The included DVD has audio tracks for English, French, Spanish, Portuguese, and Thai; and subtitles for English, French, Portuguese, Thai, Chinese, and Korean.
There is a lot to enjoy in this action-packed adventure, which has a bold premise and features a potentially intriguing new character. The animation is great, and the fights intense, but as is often the case with these DCAU films, one has to question who the target audience is. Great questions are raised, but the answers are not satisfactory. Blood and innuendo abound, but are presented immaturely, with the action often becoming too unbelievable. The movie’s only female character is subjected to indignities and treated with the type of handling that suggests an unenlightened mind. As much as parts of me enjoyed the movie as a whole, I remained troubled by how it was presented. Like much of the current mainstream comic industry, there is too much playing to the basest of interests. The movie’s script wasn’t even all that bad, but the movie’s execution is disappointing, and not as strong as the comic material it was based on.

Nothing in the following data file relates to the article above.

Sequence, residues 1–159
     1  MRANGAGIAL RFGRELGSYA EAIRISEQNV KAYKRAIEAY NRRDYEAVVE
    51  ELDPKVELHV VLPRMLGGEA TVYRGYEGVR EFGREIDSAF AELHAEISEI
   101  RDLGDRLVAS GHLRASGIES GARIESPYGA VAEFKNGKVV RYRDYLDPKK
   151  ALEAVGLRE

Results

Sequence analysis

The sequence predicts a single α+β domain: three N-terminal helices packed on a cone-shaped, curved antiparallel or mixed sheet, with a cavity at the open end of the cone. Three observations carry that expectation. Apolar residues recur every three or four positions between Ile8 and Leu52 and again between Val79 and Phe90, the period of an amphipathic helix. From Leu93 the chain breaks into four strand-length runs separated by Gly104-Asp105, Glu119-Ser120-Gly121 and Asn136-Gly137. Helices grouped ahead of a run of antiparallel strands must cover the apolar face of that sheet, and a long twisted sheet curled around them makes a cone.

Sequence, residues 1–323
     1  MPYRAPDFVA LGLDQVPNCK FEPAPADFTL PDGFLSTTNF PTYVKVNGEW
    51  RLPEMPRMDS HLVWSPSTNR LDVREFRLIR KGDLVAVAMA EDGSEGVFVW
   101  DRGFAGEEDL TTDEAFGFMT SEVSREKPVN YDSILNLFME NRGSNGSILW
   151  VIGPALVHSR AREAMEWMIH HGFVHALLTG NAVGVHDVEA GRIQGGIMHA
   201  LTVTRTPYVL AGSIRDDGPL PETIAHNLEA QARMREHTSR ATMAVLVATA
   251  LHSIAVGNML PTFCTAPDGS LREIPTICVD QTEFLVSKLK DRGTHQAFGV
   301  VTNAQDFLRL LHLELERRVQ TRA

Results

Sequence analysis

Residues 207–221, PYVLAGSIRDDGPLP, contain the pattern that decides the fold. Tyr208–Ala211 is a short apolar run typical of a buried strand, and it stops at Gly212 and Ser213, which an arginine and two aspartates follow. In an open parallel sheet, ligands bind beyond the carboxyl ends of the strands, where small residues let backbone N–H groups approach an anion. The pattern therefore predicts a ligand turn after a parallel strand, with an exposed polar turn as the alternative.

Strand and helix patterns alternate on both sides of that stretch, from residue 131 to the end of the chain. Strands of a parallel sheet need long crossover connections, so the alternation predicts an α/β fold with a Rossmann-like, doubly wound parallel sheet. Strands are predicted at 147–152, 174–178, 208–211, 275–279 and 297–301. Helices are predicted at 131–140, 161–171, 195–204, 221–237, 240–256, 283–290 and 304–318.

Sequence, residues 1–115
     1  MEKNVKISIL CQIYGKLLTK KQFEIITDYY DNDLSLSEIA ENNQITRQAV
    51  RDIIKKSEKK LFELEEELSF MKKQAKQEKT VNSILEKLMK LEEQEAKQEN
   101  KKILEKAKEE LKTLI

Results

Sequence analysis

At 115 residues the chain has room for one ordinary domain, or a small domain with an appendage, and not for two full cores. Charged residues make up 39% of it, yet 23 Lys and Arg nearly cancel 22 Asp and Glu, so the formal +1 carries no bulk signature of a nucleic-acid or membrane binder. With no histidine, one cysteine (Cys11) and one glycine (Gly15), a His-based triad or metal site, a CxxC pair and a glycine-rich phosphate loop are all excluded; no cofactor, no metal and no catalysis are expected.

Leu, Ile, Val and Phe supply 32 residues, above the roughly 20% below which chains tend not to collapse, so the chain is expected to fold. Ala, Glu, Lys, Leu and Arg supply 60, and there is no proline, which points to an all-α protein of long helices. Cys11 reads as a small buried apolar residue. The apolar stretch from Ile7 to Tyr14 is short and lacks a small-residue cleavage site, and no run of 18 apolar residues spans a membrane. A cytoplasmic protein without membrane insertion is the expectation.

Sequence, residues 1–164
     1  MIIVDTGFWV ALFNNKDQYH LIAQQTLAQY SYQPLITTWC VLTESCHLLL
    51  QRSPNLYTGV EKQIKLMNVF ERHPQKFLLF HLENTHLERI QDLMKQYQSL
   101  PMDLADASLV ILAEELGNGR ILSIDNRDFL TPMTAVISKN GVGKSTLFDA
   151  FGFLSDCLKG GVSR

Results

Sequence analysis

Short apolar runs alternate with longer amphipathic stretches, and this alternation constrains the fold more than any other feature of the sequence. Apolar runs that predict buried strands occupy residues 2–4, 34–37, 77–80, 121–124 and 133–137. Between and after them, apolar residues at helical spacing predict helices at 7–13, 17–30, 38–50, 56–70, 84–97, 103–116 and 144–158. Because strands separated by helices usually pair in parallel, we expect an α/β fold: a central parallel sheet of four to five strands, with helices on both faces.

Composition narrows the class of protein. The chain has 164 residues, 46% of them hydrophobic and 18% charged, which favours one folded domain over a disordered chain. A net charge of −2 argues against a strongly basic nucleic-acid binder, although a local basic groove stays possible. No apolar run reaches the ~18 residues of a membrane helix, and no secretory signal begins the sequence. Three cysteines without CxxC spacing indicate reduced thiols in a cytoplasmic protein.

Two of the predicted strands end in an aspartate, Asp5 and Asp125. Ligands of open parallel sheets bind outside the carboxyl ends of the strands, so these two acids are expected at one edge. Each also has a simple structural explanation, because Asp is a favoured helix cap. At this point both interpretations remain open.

The Blu-ray, however, does at least give the movie its best possible presentation, as well as good bonus content. The movie itself, however, seems suitable mostly to a narrow demographic. For those undemanding fourteen-year-old boys, and adults who are emotionally stunted, the disc is a winner. For anyone else, your appreciation may be muted.
Animated Classic or Back To The Drawing Board?